It is likely that the burden of pneumococcal pneumonia among childhood bacterial pneumonia has been largely underestimated; therefore, expanding the scope to determine the general picture, including all-cause pneumonia and lower respiratory diseases, in Korean children should be discussed in the near future.

Antimicrobial susceptibility

Since the first clinical isolate of penicillin-resistant S. pneumoniae (PRSP) was discovered in 1967, PRSP has been transmitted worldwide [23]. Although there is considerable geographical variation, PRSP isolates have become relatively common in Asian countries [24]. The emergence of PRSP in Korea was also remarkable, where antibiotic usage was not tightly regulated until the institution of the national health system reform.

1. Antibiotic susceptibility pattern of pneumococcus in Korea

Earlier reports on the antimicrobial susceptibility of clinical isolates of pneumococcus in Korea are limited. In 1985, no S. pneumoniae isolates among 50 clinical isolates from 1974 to 1983 in a single institution were resistant to penicillin [25]. The emergence of PRSP among clinical isolates in Korea was noted in the early 1980s, when a hospital-based survey reported that the penicillin resistance rate increased from 0% to 10% between 1981 and 1983 [26]. The increase in the rate of penicillin nonsusceptibility of pneumococci in Korea was also reported in the mid-1990s, when the non-susceptibility rate among all pneumococcal isolates increased from 29% in 1988 to 47% in 1990 and to 77% in 1993 [27]. A hospital-based survey between 1991 and 1993 revealed that among 131 clinical isolates of S. pneumoniae, 37% and 33% were strains with intermediate and high-level resistance to penicillin, respectively [28]. In the same institution, among 161 isolates from IPD cases diagnosed during 1985-1996, PRSP was first detected in 20% of cases in 1989, and the rate of penicillin nonsusceptibility increased to 89% in 1995 [29]. Upon further analysis, the study determined that among nonmeningeal IPD, a favorable outcome and death were recorded for 83% and 2.5% of cases involving penicillin-susceptible strains, respectively, as compared with 86% and 7.1% of cases involving intermediate strains and 61% and 11% of PRSP-infected cases, respectively. A study in the mid-1990s reported that among 105 clinical isolates from patients with bacteremia, meningitis, pneumonia, and otitis media, 78% were nonsusceptible to penicillin [30]. Overall, studies reported in the early 1990s in Korea showed that the rate of nonsusceptibility ranged between 40% and 60%; that in the late 1990s ranged between 60% and 80% [31-34]. When compared to other Asian countries during this period, Korea was noted as having the highest proportion of penicillin-nonsusceptible strains of pneumococcus at 79.7% of cases, followed by Japan (65.3%) and Vietnam (60.8%) [34]. More recent data suggest that the nonsusceptibility rate among all pneumococci in Korea ranged between 64.6% and 71.1% since the 2000s [24, 35]. Levels of antimicrobial resistance tend to plateau, the height of which is mainly determined by antibiotic pressure. Antibiotic usage in Korea since the 2000s may have been partly controlled by the national health system reform: separation of pharmaceutical prescription and dispensation was implemented in 2000 and quality assessment of antibiotic prescription in healthcare facilities has been carried out since 2001 [36].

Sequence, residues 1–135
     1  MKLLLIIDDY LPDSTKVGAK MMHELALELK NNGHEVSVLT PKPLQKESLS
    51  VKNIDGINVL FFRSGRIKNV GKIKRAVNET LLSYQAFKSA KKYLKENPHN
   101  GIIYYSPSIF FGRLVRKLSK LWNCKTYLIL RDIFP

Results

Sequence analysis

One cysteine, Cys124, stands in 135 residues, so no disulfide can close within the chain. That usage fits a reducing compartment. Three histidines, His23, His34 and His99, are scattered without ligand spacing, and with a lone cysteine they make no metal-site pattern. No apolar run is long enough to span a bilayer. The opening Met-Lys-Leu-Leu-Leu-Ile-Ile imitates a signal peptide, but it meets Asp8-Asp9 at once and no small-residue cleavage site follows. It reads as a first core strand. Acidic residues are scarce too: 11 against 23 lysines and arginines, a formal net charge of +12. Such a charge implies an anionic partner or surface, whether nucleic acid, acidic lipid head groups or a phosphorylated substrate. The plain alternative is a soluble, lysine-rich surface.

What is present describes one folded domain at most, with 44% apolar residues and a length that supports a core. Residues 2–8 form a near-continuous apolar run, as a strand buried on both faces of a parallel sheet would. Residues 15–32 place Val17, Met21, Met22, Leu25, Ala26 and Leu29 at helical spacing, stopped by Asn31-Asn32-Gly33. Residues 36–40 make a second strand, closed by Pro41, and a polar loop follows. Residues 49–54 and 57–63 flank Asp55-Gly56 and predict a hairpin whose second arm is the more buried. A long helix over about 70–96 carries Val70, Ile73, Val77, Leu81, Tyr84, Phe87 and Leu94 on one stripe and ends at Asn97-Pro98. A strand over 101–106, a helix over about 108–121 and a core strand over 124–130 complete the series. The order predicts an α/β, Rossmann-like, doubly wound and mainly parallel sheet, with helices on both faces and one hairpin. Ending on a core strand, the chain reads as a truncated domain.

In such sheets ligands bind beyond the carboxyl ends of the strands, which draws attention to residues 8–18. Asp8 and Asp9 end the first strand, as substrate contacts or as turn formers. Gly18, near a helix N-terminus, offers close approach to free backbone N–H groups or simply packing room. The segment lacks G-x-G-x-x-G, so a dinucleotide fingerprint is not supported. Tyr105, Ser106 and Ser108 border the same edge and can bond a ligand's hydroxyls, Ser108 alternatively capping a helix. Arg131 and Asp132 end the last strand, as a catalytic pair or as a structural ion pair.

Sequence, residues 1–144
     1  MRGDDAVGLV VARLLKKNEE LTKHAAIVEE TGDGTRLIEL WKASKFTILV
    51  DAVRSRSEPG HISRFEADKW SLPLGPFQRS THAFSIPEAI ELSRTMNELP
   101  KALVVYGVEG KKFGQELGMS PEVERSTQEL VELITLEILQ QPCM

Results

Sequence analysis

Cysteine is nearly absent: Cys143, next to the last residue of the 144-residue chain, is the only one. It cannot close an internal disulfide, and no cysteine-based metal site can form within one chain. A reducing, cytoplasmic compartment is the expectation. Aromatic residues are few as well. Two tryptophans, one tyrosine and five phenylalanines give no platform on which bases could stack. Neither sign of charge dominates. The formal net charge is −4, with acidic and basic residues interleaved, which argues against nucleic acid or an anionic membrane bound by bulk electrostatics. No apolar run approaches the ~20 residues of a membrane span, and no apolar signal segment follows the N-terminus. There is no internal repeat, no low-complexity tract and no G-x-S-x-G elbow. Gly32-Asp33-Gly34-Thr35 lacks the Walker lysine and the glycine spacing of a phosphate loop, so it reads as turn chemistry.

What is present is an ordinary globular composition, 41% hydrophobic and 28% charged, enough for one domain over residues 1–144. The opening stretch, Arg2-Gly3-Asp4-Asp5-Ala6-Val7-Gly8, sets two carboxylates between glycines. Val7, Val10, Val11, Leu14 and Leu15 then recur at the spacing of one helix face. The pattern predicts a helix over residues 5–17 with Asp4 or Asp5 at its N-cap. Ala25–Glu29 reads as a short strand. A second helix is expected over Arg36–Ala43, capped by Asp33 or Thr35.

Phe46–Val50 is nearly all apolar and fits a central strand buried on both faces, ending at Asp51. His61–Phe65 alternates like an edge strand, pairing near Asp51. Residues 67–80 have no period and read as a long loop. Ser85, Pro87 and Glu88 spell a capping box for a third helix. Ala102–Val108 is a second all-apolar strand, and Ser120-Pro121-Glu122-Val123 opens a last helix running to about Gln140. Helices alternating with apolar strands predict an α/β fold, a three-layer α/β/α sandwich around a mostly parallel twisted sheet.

2. Impact of vaccines on antimicrobial susceptibility

It has been reported that the introduction of the PCV7 resulted in the decrease of overall incidence of IPD caused by PRSP. Among childhood IPD cases in Utah, U.S., the proportion of IPD cases caused by penicillin-resistant serogroups decreased from 34% in 1997-2000 to 22% in 2001-2003 [37]. An active laboratory surveillance program that spanned 8 states in the United States reported that following the introduction of the PCV7, the rates of IPD due to PCV7 serotypes that were nonsusceptible to penicllin, cefotaxime, or erythromycin has decreased by 75% from 2.30 per 100,000 live births (1997-2000) to 0.57 per 100,000 live birthes (2000-2004) [38]. Multiple studies to date have demonstrated the general decrease in the proportion of antibiotic-nonsusceptible pneumococcal isolates following the introduction of the PCV7. Before the vaccine was introduced, a hospital-based survey in the United States determined that penicillin-nonsusceptible pneumococci accounted for 44% of all IPD cases in 2000; however, after the PCV7 was introduced, the proportion of nonsusceptible pneumococci decreased to 33% in 2002 [6]. In Northern California, U.S., a population-based study suggested that the high level of penicillin resistance decreased from 15% in 2000 to 5% in the first half of 2003 [39]. In Tennessee, U.S., the proportion of penicillin-nonsusceptible pneumococci decreased from 59.8% in 1999 to 30.4% in 2002 among children aged < 2 years [40].